Paul Schrader in Conversation with Annette Insdorf
March 24, 2018
Lenfest Center for the Arts
615 W. 129 St.,
New York, NY 10027
In 1972, the young screenwriter and soon-to-be-director Paul Schrader published “Notes on Film Noir” in Film Comment. Among the most influential essays on the topic in the English language, Schrader’s piece helped establish noir on the agenda of American film scholarship and criticism. In conversation with Film and Media Studies professor Annette Insdorf, Schrader today returns to that essay to consider noir’s relevance to the New Hollywood of the 1970s and its continued legacy into the present.
Paul Schrader is a celebrated American screenwriter, filmmaker, and film critic. An Academy award and BAFTA nominee, he is most notably known for co-writing the screenplays for Taxi Driver (1976), Raging Bull (1980), and The Last Temptation of Christ (1988) alongside director Martin Scorsese, as well as for directing several films including Blue Collar (1978), American Gigolo (1980), Affliction (1997), and The Canyons (2013). As a film critic, he has written for the Los Angeles Free Press and Film Comment and published the book Transcendental Style in Film: Ozu, Bresson, Dreyer in 1972. That same year he also wrote the seminal article “Notes on Film Noir” for Film Comment. His latest film is First Reformed (2017).
"Notes on Film Noir" re-used with permission from Film Comment and the Film Society of Lincoln Center. © Film Comment1972. www.filmcomment.com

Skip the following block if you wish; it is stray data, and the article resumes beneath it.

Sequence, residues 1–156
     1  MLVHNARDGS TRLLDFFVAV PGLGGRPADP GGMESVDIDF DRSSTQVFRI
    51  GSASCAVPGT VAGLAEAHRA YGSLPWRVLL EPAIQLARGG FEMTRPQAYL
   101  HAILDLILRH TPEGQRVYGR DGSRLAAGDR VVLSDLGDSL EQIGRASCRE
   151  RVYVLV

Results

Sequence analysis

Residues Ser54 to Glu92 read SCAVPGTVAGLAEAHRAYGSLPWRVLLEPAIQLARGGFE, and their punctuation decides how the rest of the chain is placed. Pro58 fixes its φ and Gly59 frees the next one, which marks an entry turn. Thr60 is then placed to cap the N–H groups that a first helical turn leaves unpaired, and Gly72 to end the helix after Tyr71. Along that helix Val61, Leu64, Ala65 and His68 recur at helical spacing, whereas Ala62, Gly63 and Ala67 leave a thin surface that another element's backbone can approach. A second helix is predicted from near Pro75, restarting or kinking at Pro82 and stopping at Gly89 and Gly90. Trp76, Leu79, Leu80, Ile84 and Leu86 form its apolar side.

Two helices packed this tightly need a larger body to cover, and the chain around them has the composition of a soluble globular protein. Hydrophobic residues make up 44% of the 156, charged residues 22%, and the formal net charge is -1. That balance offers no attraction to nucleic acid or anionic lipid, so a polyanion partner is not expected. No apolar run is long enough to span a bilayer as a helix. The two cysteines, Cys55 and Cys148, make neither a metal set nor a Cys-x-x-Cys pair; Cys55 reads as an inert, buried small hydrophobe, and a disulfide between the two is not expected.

Columbia University Film Professor Annette Insdorf is also moderator of the popular Reel Pieces series at Manhattan's 92nd Street Y, where she has interviewed over 200 film celebrities. She is the author of Cinematic Overtures: How to Read Opening Scenes (2017), Intimations: The Cinema of Wojciech Has (2017), Philip Kaufman (2012), Double Lives, Second Chances: The Cinema of Krzysztof Kieslowski (1999), Francois Truffaut (1978), and the landmark study, Indelible Shadows: Film and the Holocaust (2002, with a foreword by Elie Wiesel). She is the host of two series streaming on FilmStruck – “Indelible Shadows” and “Cinematic Overtures” – based on her books.
Free and open to the public.
About the Dr. Saul and Dorothy Kit Film Noir Festival
Paris 1946. The war is over and American films are once again in Parisian theaters. The French immediately notice a shift in the sensibility of Hollywood’s crime films. They call it noir.
This festival—the first in a ten-year series devoted to the legacy of film noir—returns us to that pivotal moment in film history some seven decades ago. For its inaugural year, the Kit Film Noir Festival will present eight of the films that screened in France that season and inspired the label film noir. Most films will be shown in 35mm.
This festival is funded by a generous gift from alumnus Gordon Kit (Columbia College ’76), in honor of his parents.
For more information, contact firstname.lastname@example.org